Those who like me, regularly attended football matches in the 1970s will recall the contempt with which supporters were treated in terms of the hospitality provided, even at the grounds of top-flight clubs. Yes, there was sometimes trouble as highlighted on TV but not all fans were mindless hooligans and I witnessed very few such events in all the many games that I attended. These largely involved rowdy fans outside the ground following matches. The one violent incident that I witnessed during a game was at the ground of Brighton and Hove Albion (during the very brief time that Brian Clough was manager there). An away fan was clearly in the wrong section of the ground and celebrated a goal only to be punched in the face by a home fan before being set upon by a few others. Other fans called out to a group of police (standing a few meters away at the edge of the pitch) to draw their attention to the violence. The police observed what was happening and then turned their back on it, leaving the poor fan to his fate. After all, the victim was merely a football supporter and therefore no different from his assailants. Perhaps, in turning a blind eye to this violence the police were demonstrating the same tolerance that they had regarding gangland violence where only gang members (i.e. other criminals) were involved. But even this would indicate a negative assumption about the victim. But my most frightening experiences at football matches, albeit rare, resulted from overcrowding to the extent that I was being swept off my feet within a swaying crowd.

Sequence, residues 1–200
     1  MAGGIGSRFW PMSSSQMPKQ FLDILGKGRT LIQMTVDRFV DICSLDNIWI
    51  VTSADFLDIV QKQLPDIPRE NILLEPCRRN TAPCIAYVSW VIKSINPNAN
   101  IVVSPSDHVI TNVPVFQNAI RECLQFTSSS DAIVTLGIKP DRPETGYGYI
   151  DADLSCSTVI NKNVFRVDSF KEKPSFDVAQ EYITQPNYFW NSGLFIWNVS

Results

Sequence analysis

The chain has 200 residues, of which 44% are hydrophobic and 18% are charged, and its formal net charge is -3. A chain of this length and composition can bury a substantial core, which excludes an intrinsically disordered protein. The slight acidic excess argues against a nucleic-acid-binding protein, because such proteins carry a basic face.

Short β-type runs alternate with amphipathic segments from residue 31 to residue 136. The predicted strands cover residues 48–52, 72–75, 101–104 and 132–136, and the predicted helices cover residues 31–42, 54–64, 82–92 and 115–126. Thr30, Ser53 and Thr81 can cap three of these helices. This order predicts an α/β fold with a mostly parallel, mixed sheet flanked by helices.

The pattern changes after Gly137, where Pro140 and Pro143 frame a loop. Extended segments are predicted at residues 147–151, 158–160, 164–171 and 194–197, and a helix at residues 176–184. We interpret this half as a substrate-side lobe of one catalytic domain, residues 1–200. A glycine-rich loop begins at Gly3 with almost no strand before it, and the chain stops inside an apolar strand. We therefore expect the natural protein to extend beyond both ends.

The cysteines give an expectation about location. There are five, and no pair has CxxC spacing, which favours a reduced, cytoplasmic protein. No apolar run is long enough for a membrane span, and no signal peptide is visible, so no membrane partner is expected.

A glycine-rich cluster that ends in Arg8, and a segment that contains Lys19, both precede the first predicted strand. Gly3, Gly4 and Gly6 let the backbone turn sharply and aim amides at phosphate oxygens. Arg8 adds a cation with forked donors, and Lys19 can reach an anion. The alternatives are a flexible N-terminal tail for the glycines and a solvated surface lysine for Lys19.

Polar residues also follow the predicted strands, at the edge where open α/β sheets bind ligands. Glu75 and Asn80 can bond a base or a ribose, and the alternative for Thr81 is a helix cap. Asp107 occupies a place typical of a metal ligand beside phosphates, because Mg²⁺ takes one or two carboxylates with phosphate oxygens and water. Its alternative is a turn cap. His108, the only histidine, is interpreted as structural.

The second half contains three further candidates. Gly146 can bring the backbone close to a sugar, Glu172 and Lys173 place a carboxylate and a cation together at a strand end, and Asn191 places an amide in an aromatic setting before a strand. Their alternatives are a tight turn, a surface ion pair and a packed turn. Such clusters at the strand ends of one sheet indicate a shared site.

Subsequently, football supporters were caged in ‘pens’ like animals and where a group is perceived as being of such little value in society, there is not only contempt for their comfort but also for their safety and their very lives. In 1985 the UK witnessed one of its worst football disasters in the Bradford City fire. 56 fans lost their lives and at least 265 were injured. Initial press reports directed blame at a football fan dropping a cigarette but the Guardian then revealed that the club had previously been given a fire risk warning. There were references to earlier football tragedies including the 1946 Burnden Park disaster where 33 lost their lives in a crush and the 1971 Ibrox disaster where a crush led to 66 deaths and more than 200 injuries. In both cases the ground had been found to be at fault and recommendations made. Following the Bradford City fire, questions were asked of Home Secretary, Leon Brittan, about the safety of football grounds in the UK. Only four years later and despite warnings about ‘crushing’ at the identical fixture in the previous year, 96 Liverpool fans were crushed to death at Hillsborough.